Austrian castle owner calls for peace through porcelain broken in war

The owner of an Austrian castle which is home to a collection of Japanese Old Imari porcelain has visited Japan and called for peace and friendship. Much of the collection was damaged by the former Soviet military after World War Two.

Gabriel Piatti owns Loosdorf Castle, which is located in the suburbs of Vienna. He is visiting Saga Prefecture, southwestern Japan, to deliver a speech at the Kyushu Ceramic Museum.

The museum is currently holding the exhibition "The Tragedy of Loosdorf Castle" to display fragmented porcelain from his family's collection.

The Piattis have been collecting the Old Imari porcelain produced in Arita in the prefecture during Japan's Edo Period between the 17th and 19th centuries.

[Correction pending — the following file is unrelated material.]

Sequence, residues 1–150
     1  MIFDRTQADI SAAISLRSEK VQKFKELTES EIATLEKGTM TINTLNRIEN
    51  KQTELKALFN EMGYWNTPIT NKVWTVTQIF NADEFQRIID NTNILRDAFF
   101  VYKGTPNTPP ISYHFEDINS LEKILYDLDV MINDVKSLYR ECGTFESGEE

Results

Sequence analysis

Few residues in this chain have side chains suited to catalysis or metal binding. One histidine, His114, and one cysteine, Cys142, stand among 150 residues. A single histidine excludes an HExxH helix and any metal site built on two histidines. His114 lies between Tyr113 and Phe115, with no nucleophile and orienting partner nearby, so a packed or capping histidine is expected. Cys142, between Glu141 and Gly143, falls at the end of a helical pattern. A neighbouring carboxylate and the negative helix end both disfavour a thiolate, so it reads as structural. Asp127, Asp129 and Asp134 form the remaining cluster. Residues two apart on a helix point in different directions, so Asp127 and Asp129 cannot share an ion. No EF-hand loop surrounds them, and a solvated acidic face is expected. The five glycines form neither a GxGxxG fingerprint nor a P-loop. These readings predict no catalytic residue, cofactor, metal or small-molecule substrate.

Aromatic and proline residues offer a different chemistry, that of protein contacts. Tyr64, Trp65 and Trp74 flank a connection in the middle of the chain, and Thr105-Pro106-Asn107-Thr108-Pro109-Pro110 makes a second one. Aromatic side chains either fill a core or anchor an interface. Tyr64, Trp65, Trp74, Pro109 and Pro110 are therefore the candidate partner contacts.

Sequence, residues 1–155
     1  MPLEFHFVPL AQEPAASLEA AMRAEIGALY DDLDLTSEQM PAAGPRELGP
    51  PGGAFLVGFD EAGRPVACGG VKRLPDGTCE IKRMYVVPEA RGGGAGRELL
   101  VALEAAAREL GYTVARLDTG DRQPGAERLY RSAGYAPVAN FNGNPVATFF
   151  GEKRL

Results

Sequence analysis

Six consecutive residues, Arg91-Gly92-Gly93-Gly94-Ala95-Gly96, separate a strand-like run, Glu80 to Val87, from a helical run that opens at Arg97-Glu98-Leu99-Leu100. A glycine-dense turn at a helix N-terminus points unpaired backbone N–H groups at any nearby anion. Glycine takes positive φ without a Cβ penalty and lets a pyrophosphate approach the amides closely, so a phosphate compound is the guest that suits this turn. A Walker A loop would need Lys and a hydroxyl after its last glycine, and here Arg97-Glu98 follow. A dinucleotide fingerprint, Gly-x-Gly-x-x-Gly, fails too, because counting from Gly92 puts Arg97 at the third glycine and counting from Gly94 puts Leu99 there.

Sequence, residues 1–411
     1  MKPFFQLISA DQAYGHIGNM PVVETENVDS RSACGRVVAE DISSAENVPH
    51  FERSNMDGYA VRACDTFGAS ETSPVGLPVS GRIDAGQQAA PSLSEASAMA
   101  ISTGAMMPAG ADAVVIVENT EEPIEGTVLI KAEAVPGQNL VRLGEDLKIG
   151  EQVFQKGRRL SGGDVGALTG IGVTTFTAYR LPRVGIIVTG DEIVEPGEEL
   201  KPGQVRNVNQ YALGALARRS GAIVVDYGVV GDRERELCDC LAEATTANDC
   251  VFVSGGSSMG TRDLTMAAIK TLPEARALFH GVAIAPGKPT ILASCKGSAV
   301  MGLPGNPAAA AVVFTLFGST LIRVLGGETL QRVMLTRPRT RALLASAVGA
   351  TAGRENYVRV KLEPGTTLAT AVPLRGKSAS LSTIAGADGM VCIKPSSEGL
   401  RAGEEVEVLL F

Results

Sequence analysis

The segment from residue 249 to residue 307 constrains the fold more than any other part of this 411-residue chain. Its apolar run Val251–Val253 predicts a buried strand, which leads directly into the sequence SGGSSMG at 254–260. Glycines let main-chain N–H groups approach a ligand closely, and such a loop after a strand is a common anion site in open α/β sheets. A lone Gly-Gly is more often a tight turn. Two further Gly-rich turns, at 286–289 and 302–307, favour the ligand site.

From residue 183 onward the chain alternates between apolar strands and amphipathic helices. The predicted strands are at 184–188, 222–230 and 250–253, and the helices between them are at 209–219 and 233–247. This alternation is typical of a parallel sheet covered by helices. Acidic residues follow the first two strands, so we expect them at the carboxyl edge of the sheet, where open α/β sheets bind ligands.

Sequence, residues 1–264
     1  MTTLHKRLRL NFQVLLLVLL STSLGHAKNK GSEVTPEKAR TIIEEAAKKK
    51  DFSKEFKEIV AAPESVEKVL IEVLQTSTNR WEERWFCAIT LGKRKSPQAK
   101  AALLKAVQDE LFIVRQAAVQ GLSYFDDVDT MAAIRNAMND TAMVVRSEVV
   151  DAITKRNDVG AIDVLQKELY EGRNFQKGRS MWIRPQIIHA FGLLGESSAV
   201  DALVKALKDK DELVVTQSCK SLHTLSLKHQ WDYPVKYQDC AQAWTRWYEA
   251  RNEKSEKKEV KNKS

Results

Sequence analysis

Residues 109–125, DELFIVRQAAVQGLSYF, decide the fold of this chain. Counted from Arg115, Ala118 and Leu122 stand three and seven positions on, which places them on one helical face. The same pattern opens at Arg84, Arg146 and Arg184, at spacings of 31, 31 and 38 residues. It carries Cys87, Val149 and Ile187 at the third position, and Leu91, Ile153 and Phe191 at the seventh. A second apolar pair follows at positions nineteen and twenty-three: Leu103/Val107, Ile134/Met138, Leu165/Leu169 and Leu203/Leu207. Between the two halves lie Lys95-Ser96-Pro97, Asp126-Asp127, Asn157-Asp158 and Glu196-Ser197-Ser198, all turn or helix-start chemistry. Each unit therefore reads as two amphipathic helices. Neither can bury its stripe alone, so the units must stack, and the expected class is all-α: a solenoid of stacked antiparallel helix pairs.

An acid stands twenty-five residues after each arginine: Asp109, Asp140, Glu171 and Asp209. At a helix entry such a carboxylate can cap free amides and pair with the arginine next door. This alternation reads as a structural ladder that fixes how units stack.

The family preserved the porcelain even after much of it was broken by the former Soviet military. Some items have been restored thanks to Japanese techniques.

Piatti held talks with Saga Governor Yamaguchi Yoshinori on Tuesday. He told the governor that Russia's military invasion of Ukraine has come nearly 80 years after World War Two and that such aggression must never happen again.

He said he hopes the fragments of the Old Imari porcelain will help more people realize that a war is meaningless.

Piatti said now is a very difficult time but he wants to let people know the importance of friendship through the exhibition. The exhibition runs through July 18.